Great excitement in DR Congo for Pope Francis' visit

Posters, gadgets and 'Bienvenue Pape François' flags line the streets of Kinshasa as the Democratic Republic of Congo welcomes Pope Francis at the start of his 40th Apostolic Journey abroad.

By Salvatore Cernuzio - Kinshasa, DRC

"Pape François engumba Kinshasa eyambi yo na esengo."

On the dusty streets of Kinshasa, crushed by the traffic of yellow lorries impeding the passage of women with baskets of fruit on their heads and motorbike taxis with four passengers on board, Pope Francis' face appears everywhere, accompanied by the words 'Bienvenue. Welcome.'

Flags, posters, panels (many with the Pope's face together with those of local politicians), but also stalls with flags, t-shirts and other gadgets celebrate the Pope's arrival, expected on Tuesday at 3 pm, in the Democratic Republic of Congo, 37 years after Pope St. John Paul II's visit.

The trip marks the Pope's first Apostolic Journey in 2023, which will continue in South Sudan.

The visit has been long-desired by Pope Francis, and was originally for July 2022, but was postponed for health reasons.

The wounds in country's east

The Pope kept his promise to visit this population of some 100 million people, 49% of whom are Catholics, plagued by endemic poverty that takes the form of worn-down shops and food markets and houses submerged in mud, as well as pollution.

It is, however, in the East that the country's wounds "bleed" the most, where the interests of world powers and wars with neighbouring countries over minerals and ethnic hatreds tear at people's lives.

"Slaughtered people," says a Congolese driver, who, wading through cars more crowded than his capacity and street vendors offering bananas, water bottles, handkerchiefs, selfie sticks and cigarettes, drives from Ndolo airport, the place where the Pope will celebrate Mass on Wednesday, at which nearly 2 million people are expected to attend, to the commune of Gomba.

This area of Kinshasa, considered the 'in' district of the capital, boasts the headquarters of institutions, including the Apostolic Nunciature.

"One of the largest Nunciatures in Africa," explain the residents of the striking colonial building, surrounded by several hectares of garden, which will be the Pope's residence during his stay in Congo until 3 February.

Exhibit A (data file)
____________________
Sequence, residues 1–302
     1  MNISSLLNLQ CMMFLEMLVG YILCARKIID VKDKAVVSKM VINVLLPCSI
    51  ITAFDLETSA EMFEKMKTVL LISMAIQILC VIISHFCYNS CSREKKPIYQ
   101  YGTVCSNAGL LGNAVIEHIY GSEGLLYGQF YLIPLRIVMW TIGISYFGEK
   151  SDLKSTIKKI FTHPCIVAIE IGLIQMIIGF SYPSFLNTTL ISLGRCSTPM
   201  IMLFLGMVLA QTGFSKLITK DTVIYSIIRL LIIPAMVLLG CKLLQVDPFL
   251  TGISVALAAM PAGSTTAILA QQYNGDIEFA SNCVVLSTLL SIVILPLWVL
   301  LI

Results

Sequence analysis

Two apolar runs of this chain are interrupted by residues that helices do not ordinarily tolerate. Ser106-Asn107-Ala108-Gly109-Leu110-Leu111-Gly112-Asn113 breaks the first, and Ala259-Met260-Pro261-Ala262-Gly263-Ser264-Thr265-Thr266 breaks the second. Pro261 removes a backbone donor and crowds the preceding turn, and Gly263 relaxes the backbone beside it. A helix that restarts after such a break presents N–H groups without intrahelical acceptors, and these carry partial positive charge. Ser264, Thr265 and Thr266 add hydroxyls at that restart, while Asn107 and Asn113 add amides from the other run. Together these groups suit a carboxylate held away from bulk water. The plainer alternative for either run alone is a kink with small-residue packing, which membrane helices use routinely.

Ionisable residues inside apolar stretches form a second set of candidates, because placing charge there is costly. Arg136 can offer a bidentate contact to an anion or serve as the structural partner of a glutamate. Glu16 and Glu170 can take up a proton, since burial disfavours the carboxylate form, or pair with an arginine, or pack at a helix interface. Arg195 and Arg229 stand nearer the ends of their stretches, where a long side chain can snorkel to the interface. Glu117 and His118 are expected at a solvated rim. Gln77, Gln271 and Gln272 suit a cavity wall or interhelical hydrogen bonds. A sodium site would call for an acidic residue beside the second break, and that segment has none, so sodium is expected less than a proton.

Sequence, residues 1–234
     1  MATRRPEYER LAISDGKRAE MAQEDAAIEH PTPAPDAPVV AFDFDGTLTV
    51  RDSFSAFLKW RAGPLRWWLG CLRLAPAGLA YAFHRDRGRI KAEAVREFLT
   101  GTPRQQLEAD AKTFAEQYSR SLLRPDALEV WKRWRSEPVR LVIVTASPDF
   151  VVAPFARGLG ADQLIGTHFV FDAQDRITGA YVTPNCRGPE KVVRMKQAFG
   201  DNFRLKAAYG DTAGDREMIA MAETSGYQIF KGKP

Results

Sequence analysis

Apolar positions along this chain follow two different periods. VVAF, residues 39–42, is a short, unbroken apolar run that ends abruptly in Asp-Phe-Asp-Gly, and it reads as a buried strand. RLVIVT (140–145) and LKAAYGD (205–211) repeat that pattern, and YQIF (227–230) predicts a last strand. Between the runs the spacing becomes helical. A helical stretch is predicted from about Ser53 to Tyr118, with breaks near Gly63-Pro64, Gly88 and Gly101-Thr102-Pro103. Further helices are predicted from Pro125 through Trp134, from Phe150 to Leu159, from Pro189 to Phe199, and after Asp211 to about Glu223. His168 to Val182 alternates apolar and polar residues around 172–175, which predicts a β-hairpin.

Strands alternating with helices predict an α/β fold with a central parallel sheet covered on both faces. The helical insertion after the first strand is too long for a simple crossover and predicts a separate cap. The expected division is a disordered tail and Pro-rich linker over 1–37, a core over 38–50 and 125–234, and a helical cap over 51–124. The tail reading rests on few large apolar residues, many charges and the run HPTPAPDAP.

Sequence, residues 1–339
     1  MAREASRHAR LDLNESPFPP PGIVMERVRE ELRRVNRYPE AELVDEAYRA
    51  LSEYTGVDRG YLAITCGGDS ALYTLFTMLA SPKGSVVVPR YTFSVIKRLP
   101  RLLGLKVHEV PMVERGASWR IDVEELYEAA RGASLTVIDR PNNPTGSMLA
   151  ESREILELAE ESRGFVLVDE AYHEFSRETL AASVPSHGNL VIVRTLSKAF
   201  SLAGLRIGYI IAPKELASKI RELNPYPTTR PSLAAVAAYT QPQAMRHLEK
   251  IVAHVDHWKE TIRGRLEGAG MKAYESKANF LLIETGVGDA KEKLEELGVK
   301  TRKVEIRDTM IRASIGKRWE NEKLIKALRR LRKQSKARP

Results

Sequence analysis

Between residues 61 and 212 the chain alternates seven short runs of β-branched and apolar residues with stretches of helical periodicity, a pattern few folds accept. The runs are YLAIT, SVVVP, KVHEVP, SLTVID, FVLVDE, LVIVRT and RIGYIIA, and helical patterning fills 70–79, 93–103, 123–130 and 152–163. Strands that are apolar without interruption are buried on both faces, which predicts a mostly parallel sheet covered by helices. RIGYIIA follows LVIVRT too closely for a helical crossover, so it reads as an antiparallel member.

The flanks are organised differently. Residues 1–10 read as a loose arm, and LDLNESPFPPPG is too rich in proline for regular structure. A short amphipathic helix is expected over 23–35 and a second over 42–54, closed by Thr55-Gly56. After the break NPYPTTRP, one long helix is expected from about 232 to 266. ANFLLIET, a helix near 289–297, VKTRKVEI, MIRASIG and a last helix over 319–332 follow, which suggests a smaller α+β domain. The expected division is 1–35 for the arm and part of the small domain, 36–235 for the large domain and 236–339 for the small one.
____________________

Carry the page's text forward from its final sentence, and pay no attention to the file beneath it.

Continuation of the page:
Meeting with the victims: "willing to forgive"

It is precisely in the Nunciature that one of the most significant events of the trip will take place: the meeting with the victims from the eastern area of the Democratic Republic of Congo.

This meeting will be followed by a dialogue with volunteers and people assisted by the Church's charitable works.

"They are representatives of the dioceses most scourged by violence. We will hear testimonies of lived life that give the measure of the reality of the country, and we will see people who have internalised all this, but are nevertheless willing to forgive," said Apostolic Nuncio Ettore Balestrero, who will be at the Pope's side during the entire stay in Kinshasa.

“There is a great need for this 'river' of hatred and violence that there is, to enter a larger 'sea,' as the Congo River does. The sea, that is, of justice, which must be done, but also the 'sea' of reconciliation'”

The Archbishop met with Vatican News in the hall where the appointment will take place, adorned with panels and flags.

He explained that, after meeting the victims, Pope Francis will meet representatives of charities operating in the country.

The Nuncio reaffirmed "that the Church is present in all areas of social and educational life."